If 2015 was a snapshot of things to come and 2017 is the Year of the World Series, what in the heck is 2016?
I’ll tell ya! It’s The Perfect Storm!
Could — or even should — Jeff Luhnow and/or A.J. Hinch have seen this coming? I mean, if they’re rocket scientists and magicians with a splash of soothsayer, palm reader and Kreskin. Heck, maybe even part Carnac (that will send some of you to Google rather quickly)!
The Perfect Storm?
Perhaps. The perfect storm is a meteorological term, but it’s also transferable to other situations and circumstances. A la the 2016 Houston Astros. Here’s the definition:
“…a particularly bad or critical state of affairs, arising from a number of negative and unpredictable factors…”
Does that define the Astros in 2016? Sure it does. About the only things that are living up — or down — to expectations this season is that Jose Altuve (and maybe George Springer) continues to play at an MVP level and ticket prices continue to rise.
Here’s a short list of things that have contributed to the 2016 Perfect Storm Season.
- Dallas Keuchel. Who among us doesn’t believe the team would be in contention if Keuchel was even a shell of his 2015 self?
- The Carlos Gomez Debacle. Again, who among us could have predicted this disaster. And, who among us foresaw that Josh Hader and Brett Phillips would struggle in Milwaukee’s minor league system thus far?
- Ken Giles. Yes, virtually everyone among us believe the Astros gave up too much for Giles. Still, who among us would have figured Giles would struggle like he has? But…who among us wouldn’t give a nickel to have Vincent Velasquez in the rotation right now?
- Injuries. Well, every team has injuries, but Lance McCullers Jr., Luis Valbuena, Max Stassi and a few others have forced the Astros’ hand where they had nothing to give.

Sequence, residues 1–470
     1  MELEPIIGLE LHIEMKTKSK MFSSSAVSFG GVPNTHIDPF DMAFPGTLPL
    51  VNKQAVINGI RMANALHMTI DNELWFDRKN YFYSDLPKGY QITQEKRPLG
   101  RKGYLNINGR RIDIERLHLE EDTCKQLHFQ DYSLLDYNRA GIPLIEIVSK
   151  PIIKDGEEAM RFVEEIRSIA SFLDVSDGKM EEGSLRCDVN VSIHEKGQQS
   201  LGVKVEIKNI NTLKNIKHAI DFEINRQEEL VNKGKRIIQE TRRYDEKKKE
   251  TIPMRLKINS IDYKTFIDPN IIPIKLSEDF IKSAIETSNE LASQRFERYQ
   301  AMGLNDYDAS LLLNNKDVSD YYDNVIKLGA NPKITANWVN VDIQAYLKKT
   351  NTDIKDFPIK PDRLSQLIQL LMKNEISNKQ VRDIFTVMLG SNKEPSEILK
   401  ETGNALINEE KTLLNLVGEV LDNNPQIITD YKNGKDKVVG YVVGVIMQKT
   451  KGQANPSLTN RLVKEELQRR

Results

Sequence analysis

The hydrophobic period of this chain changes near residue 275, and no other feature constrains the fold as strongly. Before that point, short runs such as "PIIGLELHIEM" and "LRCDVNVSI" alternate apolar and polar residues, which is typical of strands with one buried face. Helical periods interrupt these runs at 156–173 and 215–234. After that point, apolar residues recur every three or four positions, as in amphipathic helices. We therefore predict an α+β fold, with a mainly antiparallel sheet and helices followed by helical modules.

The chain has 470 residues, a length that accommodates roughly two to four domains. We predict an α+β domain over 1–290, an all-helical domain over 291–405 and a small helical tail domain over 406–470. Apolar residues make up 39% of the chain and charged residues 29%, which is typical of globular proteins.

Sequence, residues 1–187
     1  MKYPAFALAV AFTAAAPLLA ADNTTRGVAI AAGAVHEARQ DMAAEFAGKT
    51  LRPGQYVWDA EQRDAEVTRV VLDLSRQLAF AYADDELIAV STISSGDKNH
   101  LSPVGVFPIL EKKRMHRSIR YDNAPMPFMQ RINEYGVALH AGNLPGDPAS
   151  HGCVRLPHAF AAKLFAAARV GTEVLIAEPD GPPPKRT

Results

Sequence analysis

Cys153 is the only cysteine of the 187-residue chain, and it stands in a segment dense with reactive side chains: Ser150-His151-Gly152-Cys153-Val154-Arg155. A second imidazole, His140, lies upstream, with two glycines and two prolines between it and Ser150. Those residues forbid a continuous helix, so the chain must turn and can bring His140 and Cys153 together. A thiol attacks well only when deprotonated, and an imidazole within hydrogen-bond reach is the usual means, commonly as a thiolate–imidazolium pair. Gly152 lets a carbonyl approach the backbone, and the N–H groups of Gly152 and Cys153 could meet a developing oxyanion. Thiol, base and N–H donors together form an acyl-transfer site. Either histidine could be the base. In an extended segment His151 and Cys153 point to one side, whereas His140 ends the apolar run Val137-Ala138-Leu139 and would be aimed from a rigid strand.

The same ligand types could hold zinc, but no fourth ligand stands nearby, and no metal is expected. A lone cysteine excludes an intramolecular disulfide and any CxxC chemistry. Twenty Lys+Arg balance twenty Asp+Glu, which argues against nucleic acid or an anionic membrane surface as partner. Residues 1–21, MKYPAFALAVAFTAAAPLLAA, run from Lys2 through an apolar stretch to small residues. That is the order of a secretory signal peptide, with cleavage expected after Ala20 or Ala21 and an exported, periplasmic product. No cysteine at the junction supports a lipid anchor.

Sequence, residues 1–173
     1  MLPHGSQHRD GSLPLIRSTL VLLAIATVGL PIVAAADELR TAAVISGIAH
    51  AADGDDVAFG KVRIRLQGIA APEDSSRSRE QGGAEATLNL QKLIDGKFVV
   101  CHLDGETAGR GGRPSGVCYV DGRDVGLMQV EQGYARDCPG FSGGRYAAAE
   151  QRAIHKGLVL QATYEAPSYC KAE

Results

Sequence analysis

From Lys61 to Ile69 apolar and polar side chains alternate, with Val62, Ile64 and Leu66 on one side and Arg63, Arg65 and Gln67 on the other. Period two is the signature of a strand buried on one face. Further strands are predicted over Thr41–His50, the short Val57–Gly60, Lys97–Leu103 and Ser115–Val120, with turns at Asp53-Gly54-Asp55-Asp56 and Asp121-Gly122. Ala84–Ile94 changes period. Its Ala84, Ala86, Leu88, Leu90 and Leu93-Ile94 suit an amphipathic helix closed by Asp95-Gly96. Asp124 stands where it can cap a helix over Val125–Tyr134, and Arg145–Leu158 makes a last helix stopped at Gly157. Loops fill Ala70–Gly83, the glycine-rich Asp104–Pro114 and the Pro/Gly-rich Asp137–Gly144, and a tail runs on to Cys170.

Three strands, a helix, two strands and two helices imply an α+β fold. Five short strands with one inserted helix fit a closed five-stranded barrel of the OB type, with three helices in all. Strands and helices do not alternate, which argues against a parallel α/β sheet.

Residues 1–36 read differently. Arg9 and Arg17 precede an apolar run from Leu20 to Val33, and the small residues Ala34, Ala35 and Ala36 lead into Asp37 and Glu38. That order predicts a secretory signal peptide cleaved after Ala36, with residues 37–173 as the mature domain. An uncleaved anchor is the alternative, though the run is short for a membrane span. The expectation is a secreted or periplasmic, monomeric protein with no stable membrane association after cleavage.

- Hitting. Who among us would have thought that the Astros would have been in the bottom third of all these categories: batting average, OPS, OBP, slugging percentage, runs, hits? All the while still leading the league in strikeouts? Of course, no one among us ever predicted OBP, hitting and running, high average of RISP were ever a strong suit for this team.
- Be honest now. Who among us knew, predicted or would otherwise have thought that none of Tyler White, A.J. Reed, Colin Moran, Preston Tucker or Tony Kemp would succeed? Where would the Astros be now if only one of them had become a regular contributor? Obviously, the jury is still out on Alex Bregman, but he’s the most likely to succeed at some point in 2016. The others have had more incubation time and should have been ready for some level of prime time.
- Colby Rasmus is earning, umm, making $15.8 million on his qualifying offer this season and he just has been diagnosed with vertigo. Wait, there are fans among us — many — who are experiencing vertigo symptoms watching the 2016 Astros!
Yes, those are only a few of the elements involved in the Astros’ 2016 Perfect Storm season. You can add your own, but these are the things that general managers and managers are fired over, players are released over, youngsters are rushed over and trades are made for.
Now, before you shout me down — and some of those among us may have started typing before getting this far — this is not intended to absolve management at any level. Yes, there are some horrible trades, though many of the players traded away aren’t performing with their new teams either. The GM is always responsible. He gets the blame when the team fails and rarely gets the credit with the team wins.
But there are many factors in the Astros’ failures of 2016 and time is running out to right the ship.